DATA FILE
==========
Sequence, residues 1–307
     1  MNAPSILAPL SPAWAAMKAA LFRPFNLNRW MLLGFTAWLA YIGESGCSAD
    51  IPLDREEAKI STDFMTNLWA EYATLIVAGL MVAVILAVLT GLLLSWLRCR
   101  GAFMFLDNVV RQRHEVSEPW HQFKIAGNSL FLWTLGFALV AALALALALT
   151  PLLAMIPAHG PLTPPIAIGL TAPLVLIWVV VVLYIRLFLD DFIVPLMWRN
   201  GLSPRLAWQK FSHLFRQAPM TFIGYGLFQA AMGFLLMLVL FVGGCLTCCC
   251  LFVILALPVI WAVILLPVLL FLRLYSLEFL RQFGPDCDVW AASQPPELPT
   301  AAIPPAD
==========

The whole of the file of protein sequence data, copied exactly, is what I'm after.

Sequence, residues 1–307
     1  MNAPSILAPL SPAWAAMKAA LFRPFNLNRW MLLGFTAWLA YIGESGCSAD
    51  IPLDREEAKI STDFMTNLWA EYATLIVAGL MVAVILAVLT GLLLSWLRCR
   101  GAFMFLDNVV RQRHEVSEPW HQFKIAGNSL FLWTLGFALV AALALALALT
   151  PLLAMIPAHG PLTPPIAIGL TAPLVLIWVV VVLYIRLFLD DFIVPLMWRN
   201  GLSPRLAWQK FSHLFRQAPM TFIGYGLFQA AMGFLLMLVL FVGGCLTCCC
   251  LFVILALPVI WAVILLPVLL FLRLYSLEFL RQFGPDCDVW AASQPPELPT
   301  AAIPPAD